artists & participants
Joan Jonas (New York, 1936) is one of the earliest and most innovative practitioners of Performance Art. In the late 1960s, moving away from sculpture, Jonas began using reflective surfaces to transform her works into a place of encounter between spectator and artist. Using these materials, she created a choreography of gestures and actions that suggest myths and still to be discovered rituals, as well as a temporal expansion of the work of art. Using mirrors glued to their clothing or held in their hands and moved, the artist-performers fragmented the visual space into a myriad of different viewpoints. Reflected in the mirrors, the spectators became part of the works in a vertiginous and multiplied space. Jonas presented her first performances in galleries and places not associated with art, such as gymnasiums, lofts, and abandoned urban spaces, or in outdoor spaces such as beaches.
Carolyn Christov-Bakargiev writes: ”Jonas has always been interested in the ways different cultures have expressed themselves, and she has drawn on as varied elements as the Japanese Noh theatre, the Hopi Snake Dance, European fairy tales and Greek mythology. Her unique performances mix ritualized actions with the use of sculptural props and other transitional means through which she has explored the relations between reality and its reflection, the real and the imaginary. Soon afterwards, in 1972, Jonas replaced the mirrors with video cameras which made live recordings of the performers, and then re-projected their images during those same performances, as live feed-backs. [...] During her performances, Jonas the performer often interacts with her projected image, thus disrupting classical boundaries and doubling perception and levels of reality and fiction. [...] With masks and other props, and through the reflections of the live feed, she explored the female image as a fragmented identity as well as women’s shifting roles in a series of works which positioned feminist and psychoanalytical issues at the forefront of art. By the mid-1970s, Jonas had begun presenting installations of sculptural props, drawings and videos (both projected and on monitors), including recorded material from her own previous performances, without necessarily involving her physical presence in the work, and still today she alternates performance work and installation.” For Rivoli, the artist performs a new version of her piece Crossed Waves (2003). In galleries 37 and 38, of the third floor of Castello, two installations of videos, and sculptural elements both document and recollect as autonomous artworks her performances Mirage (1976) and The Shape, the Scent, the Feel of Things (2004-2006).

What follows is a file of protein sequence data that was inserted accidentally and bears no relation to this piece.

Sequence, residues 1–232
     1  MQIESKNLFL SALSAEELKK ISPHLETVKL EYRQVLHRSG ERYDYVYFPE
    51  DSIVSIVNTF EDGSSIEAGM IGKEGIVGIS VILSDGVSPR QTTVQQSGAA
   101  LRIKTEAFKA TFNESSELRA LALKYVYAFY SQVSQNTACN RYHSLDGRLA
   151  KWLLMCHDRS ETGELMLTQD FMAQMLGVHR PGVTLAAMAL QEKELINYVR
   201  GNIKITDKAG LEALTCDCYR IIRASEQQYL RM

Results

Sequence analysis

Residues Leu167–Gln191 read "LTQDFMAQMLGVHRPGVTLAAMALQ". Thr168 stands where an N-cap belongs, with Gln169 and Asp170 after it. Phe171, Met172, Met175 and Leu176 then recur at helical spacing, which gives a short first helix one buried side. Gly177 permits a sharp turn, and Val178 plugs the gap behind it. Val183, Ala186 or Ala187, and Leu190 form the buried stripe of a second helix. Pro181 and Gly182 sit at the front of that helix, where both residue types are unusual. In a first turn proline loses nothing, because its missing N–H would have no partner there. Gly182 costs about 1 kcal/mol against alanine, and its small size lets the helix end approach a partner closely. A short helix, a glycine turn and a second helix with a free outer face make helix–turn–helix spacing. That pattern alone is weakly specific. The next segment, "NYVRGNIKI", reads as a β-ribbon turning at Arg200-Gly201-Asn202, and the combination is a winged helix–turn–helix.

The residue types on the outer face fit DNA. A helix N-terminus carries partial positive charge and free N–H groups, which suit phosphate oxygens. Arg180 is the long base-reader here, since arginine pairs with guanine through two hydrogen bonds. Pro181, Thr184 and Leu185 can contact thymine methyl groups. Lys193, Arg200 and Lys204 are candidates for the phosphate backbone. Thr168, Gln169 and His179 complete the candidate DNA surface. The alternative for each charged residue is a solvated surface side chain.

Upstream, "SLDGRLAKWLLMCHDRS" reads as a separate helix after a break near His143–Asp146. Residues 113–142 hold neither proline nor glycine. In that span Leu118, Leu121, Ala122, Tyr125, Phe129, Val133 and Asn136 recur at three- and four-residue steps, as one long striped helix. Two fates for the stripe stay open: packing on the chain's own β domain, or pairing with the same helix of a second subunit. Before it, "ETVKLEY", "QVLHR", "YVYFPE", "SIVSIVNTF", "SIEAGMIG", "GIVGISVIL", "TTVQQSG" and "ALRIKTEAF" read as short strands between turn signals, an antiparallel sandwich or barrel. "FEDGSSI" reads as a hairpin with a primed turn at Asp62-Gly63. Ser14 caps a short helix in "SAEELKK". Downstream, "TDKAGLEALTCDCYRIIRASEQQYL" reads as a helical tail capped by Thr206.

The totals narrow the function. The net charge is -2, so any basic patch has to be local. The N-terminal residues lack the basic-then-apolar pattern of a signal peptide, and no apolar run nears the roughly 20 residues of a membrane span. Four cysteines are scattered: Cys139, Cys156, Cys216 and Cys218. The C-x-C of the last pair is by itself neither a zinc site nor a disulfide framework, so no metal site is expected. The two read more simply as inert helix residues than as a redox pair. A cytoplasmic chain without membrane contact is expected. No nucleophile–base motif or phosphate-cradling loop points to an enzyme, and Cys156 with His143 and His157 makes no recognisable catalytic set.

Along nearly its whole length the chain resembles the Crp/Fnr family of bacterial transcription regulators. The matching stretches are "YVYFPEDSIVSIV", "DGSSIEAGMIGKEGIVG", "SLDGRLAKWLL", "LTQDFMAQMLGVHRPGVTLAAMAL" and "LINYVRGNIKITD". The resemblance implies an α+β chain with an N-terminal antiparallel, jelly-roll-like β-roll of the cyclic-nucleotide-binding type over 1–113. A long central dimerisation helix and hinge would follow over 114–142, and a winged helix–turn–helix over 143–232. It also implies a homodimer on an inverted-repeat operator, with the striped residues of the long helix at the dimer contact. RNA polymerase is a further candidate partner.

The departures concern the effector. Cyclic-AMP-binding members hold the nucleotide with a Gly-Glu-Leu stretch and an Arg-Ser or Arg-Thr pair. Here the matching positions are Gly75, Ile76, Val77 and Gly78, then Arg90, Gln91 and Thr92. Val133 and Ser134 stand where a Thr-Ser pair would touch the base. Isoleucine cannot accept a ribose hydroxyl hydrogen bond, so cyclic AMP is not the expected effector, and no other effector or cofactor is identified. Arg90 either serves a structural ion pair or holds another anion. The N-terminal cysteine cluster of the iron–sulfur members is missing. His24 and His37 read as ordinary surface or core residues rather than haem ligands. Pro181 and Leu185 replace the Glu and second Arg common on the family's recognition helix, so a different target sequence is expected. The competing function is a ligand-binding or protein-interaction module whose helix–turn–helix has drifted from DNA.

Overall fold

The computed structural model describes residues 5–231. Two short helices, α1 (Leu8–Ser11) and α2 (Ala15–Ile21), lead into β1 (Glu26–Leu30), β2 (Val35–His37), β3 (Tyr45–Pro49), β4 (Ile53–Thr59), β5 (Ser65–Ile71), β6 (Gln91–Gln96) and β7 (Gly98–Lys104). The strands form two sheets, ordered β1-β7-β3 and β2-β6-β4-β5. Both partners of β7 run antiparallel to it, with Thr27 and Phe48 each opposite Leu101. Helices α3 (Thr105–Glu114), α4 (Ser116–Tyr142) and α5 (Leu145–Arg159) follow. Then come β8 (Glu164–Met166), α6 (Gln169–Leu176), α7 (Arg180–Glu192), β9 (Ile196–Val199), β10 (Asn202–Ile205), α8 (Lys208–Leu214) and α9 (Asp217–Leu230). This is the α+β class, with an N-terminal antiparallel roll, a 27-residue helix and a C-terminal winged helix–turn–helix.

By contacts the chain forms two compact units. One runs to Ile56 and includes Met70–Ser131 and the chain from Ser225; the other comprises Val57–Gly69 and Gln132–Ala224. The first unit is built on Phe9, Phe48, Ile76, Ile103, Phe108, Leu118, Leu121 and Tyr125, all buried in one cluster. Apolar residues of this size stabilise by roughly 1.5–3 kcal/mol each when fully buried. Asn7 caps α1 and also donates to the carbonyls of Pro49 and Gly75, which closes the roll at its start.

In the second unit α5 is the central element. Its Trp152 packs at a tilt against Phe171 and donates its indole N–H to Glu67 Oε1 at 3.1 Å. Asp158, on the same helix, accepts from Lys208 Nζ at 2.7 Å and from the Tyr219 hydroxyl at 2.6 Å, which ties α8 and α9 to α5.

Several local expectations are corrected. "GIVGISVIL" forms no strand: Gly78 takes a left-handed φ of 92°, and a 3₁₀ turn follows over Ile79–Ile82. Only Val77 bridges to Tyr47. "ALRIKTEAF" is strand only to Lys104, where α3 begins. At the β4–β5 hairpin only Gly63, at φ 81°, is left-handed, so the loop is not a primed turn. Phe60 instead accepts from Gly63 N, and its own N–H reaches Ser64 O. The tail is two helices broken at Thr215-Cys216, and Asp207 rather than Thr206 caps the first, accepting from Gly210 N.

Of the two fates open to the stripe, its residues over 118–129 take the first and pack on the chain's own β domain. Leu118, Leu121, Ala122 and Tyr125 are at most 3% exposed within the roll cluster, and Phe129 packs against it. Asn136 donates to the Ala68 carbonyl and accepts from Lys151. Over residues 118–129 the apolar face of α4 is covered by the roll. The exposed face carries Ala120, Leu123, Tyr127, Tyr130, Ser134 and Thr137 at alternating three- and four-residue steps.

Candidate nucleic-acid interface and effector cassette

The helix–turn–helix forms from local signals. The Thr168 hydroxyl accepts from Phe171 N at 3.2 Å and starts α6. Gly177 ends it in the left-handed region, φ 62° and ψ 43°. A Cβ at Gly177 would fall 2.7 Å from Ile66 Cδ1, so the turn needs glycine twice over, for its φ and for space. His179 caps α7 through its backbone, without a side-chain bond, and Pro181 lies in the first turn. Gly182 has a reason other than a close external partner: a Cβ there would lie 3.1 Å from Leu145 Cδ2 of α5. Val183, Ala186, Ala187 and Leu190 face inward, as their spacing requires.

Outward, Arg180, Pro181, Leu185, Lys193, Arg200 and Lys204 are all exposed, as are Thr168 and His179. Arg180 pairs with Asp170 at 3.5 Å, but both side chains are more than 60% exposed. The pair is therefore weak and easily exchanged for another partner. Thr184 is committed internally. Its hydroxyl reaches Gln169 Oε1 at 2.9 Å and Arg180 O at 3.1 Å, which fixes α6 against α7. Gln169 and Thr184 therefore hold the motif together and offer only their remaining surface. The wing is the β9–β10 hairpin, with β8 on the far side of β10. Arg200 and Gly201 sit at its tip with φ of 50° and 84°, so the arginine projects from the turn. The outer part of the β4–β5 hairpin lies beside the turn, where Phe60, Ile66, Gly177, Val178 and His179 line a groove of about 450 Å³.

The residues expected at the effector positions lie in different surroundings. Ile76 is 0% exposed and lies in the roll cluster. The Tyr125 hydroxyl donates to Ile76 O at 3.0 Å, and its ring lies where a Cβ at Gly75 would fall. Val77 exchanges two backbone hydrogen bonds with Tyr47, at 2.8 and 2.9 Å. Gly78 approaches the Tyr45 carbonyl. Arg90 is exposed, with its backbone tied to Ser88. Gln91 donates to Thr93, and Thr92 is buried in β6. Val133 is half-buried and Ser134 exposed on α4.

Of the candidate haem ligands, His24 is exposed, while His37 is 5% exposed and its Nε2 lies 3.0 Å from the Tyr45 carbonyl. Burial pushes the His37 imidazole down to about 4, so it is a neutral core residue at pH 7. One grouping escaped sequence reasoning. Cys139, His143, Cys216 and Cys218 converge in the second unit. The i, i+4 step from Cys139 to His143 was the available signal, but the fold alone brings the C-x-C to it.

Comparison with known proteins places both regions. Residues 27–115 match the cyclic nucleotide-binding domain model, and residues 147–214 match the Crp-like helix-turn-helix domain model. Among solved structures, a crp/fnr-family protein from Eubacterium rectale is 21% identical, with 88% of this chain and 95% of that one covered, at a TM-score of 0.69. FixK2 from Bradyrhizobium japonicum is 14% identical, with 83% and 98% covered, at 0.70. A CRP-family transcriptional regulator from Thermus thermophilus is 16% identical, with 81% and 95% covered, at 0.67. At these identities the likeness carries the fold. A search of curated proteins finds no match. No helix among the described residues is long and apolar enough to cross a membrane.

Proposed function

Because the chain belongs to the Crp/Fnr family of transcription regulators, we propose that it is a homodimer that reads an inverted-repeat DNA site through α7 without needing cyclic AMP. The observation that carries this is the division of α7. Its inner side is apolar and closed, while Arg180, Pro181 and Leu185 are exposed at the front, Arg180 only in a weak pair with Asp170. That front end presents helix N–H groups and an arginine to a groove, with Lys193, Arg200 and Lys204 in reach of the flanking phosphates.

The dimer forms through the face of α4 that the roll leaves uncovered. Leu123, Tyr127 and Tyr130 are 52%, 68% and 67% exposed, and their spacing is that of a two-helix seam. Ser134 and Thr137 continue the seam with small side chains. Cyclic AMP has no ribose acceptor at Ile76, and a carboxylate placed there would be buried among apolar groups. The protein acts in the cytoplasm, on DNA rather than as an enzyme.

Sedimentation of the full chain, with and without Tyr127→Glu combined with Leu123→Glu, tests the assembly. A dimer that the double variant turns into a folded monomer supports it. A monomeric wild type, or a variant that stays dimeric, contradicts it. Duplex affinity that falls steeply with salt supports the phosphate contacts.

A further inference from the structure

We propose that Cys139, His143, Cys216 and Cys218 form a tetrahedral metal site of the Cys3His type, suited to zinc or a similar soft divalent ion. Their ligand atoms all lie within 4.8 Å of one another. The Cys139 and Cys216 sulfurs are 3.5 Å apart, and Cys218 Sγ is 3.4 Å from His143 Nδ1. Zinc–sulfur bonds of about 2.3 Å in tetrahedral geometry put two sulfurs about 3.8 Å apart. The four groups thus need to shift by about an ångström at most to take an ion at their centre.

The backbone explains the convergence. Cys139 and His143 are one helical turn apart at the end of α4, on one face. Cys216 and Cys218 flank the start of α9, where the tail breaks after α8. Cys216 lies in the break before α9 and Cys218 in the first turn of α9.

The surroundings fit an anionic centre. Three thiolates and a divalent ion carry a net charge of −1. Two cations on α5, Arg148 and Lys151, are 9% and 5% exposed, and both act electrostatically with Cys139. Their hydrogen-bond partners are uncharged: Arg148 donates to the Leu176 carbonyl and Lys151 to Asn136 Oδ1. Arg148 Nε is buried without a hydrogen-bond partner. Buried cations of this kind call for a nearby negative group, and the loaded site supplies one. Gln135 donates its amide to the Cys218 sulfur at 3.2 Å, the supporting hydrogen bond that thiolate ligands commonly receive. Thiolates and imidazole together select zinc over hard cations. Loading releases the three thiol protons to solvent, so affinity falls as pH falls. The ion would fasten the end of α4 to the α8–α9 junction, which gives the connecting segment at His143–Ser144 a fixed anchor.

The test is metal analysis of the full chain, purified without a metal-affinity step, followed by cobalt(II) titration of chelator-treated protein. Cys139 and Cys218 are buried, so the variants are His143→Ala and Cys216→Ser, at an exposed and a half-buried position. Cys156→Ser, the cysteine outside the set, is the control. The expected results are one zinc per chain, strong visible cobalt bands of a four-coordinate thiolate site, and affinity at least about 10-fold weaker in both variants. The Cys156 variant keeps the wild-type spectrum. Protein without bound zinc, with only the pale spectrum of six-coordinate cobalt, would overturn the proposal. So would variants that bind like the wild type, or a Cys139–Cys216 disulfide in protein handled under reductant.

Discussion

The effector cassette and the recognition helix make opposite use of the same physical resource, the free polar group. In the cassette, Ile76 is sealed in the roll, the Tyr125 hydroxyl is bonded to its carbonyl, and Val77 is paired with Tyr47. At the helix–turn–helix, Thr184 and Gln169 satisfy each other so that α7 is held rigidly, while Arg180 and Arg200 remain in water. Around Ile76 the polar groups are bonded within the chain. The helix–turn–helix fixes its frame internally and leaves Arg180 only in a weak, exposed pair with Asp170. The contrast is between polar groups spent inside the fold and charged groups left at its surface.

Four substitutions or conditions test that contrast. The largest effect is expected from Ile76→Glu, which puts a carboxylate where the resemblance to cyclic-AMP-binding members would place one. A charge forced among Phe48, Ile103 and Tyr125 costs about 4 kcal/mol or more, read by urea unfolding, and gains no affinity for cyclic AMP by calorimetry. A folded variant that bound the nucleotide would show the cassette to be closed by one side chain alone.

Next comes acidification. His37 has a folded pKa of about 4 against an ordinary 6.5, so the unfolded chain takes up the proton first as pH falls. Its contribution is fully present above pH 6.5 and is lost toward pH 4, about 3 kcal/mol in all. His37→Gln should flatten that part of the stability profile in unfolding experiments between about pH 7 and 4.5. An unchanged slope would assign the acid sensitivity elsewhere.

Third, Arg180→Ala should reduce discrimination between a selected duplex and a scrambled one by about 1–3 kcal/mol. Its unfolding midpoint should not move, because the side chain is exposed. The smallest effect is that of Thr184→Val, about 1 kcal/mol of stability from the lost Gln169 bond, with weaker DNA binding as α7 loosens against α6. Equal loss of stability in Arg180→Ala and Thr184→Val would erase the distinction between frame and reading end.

Presentation curated by Carolyn Christov-Bakargiev
This exhibition presents works by “classic” conceptual artists such as Joseph Kosuth and Lawrence Weiner, artists like Dan Graham, who have worked in different directions, developing a conceptual analysis of perception and experience, and other artists, not traditionally defined as “conceptual,” such as Joan Jonas and Susan Hiller, who instead have worked within the context of performance, installation art and the exploration of the mysterious and less rational side of the mind. The exhibition is organized into five solo shows: Lawrence Weiner (March 28 – July 30), Susan Hiller (April 11 – July 30), Dan Graham (April 29 – July 30), Joseph Kosuth (May 16 – July 30), Joan Jonas (May 30 – July 30). Each solo show includes historical works alongside more recent or new projects by the artist. With the support of the CRT Foundation for Modern and Contemporary Art, seven of the exhibited works will become part of Castello di Rivoli’s permanent collection.
only in german
Concetto, Corpo e Sogno / Concept, Body and Dream:
Kurator: Carolyn Christov-Bakargiev